2015 is overcrowded with uber-geek movie projects: An Avengers sequel here, a Batman/Superman crossover there, Jurassic Park IV, Edgar Wright’s Ant-Man, and even a freaking Star Wars sequel. By comparison, Fox’s planned Fantastic Four reboot is currently flying under the radar. The film will mark the first studio effort by Josh Trank, who made last year’s sleeper hit Chronicle; supposedly, Chronicle (and Fruitvale Station) star Michael B. Jordan is in the running to play Johnny Storm. Morever, the film will mark a complete break from the continuity of the mid-00s Fantastic Four series, which are mostly live on as artifacts of the pre- performance-capture era when poor Michael Chiklis had to walk around wearing orange rocks.
Although little is actually known about Trank’s Fantastic Four reboot, rumors have abounded that 20th Century Fox has big plans for the reboot series. The studio also owns the big screen rights to the X-Men franchise, the longest-running series of the modern superhero era. In this post-Avengers moment, Fox is moving forward aggressively with the X-Men, with next year’s Days of Future Past uniting all the various franchise strands into one time-hopping mega-movie. Would Fox seek to link together X-Men and Fantastic Four, creating their own version of the Marvel Studios Cinematic Universe?
A possible answer to that question comes from Mark Millar, the comic book writer (and creator of Kick-Ass) who has been working for Fox as a “creative consultant” since last year. In the new issue of SFX, Millar is asked whether the new Fantastic Four will share a universe with the X-Men, and says: “Without question I think you have to see some of these guys showing up in each other’s movies.” That might read as kind of a non-answer answer, but given that the hot new thing with superhero franchises is to A) pump them out every two years, and B) create intra-continuity crossovers as soon as possible, it’s plausible that the FF and the X-M will share the screen in just a few years. (Fox did not respond to EW’s email for comment, probably because any potential FF–X-Men movie depends on the financial success of two films released in May 2014 and March 2015, respectively.)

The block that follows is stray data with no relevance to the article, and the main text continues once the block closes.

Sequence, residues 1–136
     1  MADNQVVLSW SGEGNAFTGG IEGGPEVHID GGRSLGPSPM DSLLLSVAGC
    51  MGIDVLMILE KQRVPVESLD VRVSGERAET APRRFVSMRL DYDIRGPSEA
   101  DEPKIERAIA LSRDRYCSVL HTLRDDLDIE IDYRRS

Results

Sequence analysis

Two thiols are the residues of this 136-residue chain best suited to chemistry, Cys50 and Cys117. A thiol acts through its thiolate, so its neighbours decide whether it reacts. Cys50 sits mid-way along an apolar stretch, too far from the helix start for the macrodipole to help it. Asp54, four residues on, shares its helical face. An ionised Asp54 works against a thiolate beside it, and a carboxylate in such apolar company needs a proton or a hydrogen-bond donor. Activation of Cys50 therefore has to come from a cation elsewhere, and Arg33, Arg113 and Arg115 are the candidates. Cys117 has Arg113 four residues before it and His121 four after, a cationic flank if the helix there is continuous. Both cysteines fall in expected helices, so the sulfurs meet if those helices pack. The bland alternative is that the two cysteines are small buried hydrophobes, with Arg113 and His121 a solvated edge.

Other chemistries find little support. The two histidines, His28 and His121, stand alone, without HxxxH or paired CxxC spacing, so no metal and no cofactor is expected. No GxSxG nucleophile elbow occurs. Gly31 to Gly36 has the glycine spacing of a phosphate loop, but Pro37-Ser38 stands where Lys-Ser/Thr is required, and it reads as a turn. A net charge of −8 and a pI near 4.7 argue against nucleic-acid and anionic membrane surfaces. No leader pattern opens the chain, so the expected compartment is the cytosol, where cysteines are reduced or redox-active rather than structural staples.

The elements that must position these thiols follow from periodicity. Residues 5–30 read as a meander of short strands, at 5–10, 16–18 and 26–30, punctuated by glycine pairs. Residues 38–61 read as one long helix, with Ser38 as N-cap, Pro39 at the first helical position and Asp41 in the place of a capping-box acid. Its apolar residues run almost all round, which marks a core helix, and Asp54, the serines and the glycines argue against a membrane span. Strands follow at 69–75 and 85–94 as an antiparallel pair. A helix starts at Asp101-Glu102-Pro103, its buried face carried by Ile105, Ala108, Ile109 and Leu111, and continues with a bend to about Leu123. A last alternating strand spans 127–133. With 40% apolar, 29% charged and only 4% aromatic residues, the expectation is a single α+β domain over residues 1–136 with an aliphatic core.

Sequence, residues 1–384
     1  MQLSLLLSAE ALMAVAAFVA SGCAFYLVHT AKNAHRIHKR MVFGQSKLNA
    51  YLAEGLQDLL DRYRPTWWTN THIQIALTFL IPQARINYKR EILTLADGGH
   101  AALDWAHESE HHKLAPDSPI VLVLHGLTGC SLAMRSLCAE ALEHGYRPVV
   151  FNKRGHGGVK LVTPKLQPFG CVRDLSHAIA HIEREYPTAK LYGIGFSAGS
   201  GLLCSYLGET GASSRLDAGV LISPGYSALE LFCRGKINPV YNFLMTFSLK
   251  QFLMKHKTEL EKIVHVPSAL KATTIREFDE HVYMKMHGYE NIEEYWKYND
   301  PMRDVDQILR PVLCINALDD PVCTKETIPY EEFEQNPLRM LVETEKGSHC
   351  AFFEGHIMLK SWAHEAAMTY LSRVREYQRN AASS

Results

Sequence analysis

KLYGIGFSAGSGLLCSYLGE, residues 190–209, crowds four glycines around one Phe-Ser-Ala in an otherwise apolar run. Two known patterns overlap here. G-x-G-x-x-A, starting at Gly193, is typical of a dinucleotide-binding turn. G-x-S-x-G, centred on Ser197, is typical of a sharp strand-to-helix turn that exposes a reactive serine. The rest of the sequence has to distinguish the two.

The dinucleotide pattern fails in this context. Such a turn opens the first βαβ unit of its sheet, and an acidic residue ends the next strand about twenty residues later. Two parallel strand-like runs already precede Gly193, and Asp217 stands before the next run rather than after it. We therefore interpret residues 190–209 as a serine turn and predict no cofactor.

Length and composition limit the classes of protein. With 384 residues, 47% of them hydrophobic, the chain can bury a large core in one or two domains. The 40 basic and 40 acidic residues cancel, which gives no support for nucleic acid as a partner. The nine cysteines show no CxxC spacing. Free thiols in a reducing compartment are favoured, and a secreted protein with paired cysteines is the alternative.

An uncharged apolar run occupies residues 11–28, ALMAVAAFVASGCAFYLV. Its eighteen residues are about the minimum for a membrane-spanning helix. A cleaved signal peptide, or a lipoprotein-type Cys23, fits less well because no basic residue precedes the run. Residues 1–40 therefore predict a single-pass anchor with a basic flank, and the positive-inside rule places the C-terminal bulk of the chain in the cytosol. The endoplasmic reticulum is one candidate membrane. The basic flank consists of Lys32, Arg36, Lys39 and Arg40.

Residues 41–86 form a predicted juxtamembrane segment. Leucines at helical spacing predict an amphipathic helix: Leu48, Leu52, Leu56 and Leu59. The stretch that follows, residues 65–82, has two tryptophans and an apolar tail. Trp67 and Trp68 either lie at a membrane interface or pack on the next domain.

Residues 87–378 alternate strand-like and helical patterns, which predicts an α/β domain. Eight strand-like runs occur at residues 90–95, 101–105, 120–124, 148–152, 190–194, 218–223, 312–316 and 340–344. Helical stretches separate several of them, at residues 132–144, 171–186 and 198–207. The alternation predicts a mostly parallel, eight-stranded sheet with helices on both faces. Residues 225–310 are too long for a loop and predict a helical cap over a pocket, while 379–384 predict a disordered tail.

Lest we forget, there was a brief span in the early ’90s when Wolverine led a group known as the New Fantastic Four, which means — crucially — there is a way to fit Hugh Jackman into a Fantastic Four movie. Of course, the other members of the New Fantastic Four were Spider-Man, the Hulk, and Ghost Rider — and Fox doesn’t own the film rights to those characters. But that’s a simple fix: Just plug in characters from the back bench of FF and X-Men continuity! I mean, who wouldn’t want to see a movie starring Wolverine, Huntara, Shatterstar, and Strong Guy, with a special appearance by Michael Chiklis as Uatu the Watcher?